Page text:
This week Solly M. from Winterveldt is staying with me after a year of studying “nonviolent responses to terrorism” at the Quaker center at Pendle Hill. Yesterday Solly told me about how debilitating it is for young people to grow up and live in poverty. There is no margin of safety. You can only think about putting food on the table for your family today. And every day is another such day. We were talking about this over an American-sized restaurant dinner that did not require much effort from me.
And then there is InterPlay! That is another passion that is growing, also related to my Artists Group connections. The power of InterPlay is easy to understand, once you are engaged in it, but hard to explain. I think it has to do with the wholeness of the experience-the way InterPlay integrates mind, body, and spirit in improvisational dance, movement, vocalization, and storytelling. By empowering us to be our most creative and whole selves, InterPlay also creates community and change. And it is a way for people to explore community in a completely MUTUAL relationship!
In August I am combining two passions and traveling to Malawi, in central southern Africa, to be with a group of Inter Players in the home village of Masankho B. I am practically dancing on air, just thinking about it! We will also meet Masankho’s Aunt Emily Chinthu, the executive secretary for Kudo Foundation, which works with the issues of poverty, women’s empowerment, orphan care, and education.
When Alan Storey (a South African Methodist pastor and another connection through Seekers) came to visit here a year or two ago, he did a workshop on a book by an. American Lutheran, Dan Erlander, called Manna and Mercy. It is a succinct version of the Bible, beautifully illustrated with Dan’s drawings, but it is not just for children. One of the most memorable illustrations to me is the Bible’s contrasting visions of the world-from the human point of view and from God’s. Human beings usually end up viewing the world as a sort of pyramid, with the ruling VIPs-<)r as Dan calls them, the “big deals”- on the top, and then in successively larger layers underneath them, the wealthy and powerful elites, landowners and business people, then the thousands of tenant farmers and others in terrible debt, the millions of landless, widows, orphans, and beggars, and the hundreds of millions of the poorest of the poor, living and dying on pennies a day all over the world.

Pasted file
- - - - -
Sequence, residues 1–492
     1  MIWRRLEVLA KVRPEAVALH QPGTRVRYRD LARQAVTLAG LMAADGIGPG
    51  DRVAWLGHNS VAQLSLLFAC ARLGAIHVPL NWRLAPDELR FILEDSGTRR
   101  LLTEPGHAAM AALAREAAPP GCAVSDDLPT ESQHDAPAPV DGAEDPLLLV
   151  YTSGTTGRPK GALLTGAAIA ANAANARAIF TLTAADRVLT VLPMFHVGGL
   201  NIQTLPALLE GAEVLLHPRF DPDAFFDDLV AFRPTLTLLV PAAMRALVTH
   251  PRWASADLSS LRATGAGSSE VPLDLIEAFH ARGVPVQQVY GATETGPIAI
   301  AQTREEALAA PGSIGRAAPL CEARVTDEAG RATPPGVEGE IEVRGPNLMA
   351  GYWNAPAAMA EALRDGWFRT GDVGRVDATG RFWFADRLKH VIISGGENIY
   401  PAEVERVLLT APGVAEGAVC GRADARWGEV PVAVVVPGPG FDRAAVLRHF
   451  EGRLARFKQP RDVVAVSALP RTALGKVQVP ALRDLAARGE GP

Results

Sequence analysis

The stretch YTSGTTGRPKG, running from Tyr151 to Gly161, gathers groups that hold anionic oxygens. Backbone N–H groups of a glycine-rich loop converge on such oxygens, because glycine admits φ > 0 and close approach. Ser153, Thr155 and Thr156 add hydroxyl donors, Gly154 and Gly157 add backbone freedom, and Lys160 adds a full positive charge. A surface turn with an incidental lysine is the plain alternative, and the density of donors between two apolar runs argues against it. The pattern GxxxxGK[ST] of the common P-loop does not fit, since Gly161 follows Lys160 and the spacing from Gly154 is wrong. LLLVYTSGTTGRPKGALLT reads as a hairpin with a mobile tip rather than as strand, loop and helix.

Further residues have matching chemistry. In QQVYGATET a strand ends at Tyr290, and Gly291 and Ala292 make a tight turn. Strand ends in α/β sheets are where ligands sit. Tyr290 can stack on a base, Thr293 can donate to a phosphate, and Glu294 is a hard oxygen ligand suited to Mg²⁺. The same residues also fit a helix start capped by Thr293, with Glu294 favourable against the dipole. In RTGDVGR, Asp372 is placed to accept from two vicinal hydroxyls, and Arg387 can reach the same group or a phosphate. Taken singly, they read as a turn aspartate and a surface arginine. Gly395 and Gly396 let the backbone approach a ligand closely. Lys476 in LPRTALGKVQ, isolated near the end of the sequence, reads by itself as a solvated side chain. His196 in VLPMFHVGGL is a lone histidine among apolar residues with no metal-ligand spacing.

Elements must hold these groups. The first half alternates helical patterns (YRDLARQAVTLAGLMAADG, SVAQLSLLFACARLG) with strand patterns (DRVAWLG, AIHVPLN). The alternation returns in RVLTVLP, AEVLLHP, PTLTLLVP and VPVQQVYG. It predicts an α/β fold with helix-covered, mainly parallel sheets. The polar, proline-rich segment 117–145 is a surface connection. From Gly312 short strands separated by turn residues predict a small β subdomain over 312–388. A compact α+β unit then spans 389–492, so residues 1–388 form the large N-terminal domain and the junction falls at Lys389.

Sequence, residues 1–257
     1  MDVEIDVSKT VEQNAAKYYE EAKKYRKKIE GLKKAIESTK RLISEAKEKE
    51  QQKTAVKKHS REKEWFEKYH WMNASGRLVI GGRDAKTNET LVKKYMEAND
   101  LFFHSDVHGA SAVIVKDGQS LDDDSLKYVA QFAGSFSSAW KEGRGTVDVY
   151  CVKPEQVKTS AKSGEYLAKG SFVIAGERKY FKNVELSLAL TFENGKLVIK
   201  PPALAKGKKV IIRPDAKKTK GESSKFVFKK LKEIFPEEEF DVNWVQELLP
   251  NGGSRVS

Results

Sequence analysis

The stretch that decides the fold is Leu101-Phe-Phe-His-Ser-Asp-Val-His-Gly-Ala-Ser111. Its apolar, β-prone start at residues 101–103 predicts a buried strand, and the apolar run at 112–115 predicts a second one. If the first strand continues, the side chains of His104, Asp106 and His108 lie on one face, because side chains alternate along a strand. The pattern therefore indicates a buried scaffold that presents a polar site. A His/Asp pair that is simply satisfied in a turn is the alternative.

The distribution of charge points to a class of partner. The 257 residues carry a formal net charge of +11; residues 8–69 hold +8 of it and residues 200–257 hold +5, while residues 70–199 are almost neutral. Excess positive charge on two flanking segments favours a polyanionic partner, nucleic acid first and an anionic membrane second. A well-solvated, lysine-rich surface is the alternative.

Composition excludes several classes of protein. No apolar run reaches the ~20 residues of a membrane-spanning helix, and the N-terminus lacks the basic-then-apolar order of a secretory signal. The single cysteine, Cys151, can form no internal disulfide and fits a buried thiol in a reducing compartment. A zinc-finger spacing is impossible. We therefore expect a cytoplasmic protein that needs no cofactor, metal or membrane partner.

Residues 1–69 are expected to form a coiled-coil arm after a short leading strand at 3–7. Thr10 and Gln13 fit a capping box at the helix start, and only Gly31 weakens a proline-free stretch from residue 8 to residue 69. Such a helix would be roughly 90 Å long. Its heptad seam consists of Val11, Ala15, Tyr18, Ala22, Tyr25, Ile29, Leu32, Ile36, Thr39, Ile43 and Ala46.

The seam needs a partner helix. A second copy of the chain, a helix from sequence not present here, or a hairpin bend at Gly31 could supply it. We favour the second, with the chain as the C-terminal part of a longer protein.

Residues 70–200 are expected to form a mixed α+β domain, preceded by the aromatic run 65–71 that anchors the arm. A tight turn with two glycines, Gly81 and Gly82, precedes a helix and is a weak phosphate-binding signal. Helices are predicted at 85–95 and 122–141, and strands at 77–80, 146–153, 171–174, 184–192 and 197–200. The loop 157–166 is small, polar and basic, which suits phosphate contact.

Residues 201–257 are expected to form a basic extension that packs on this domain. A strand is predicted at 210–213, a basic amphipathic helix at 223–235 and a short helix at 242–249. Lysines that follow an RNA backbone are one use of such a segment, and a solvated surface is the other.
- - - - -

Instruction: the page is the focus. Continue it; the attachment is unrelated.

God, on the other hand, has a different vision of justice, one of manna and mercy for all. In God’s vision, no “big deals” are getting all the goodies while the great multitudes-the rest of creation-starve, get sick, suffer, and die young. God is partial to the poor. God’s vision “bends toward justice.” God gives rest so human beings can practice full time what life is all about-friendship with God, friendship with others, friendship with nature.
So how does all this come together for me in this time of anniversaries and opportunities? It is a time of openness, of InterPlay, of building community, creativity, and change. A time of listening for God’s next call on my life.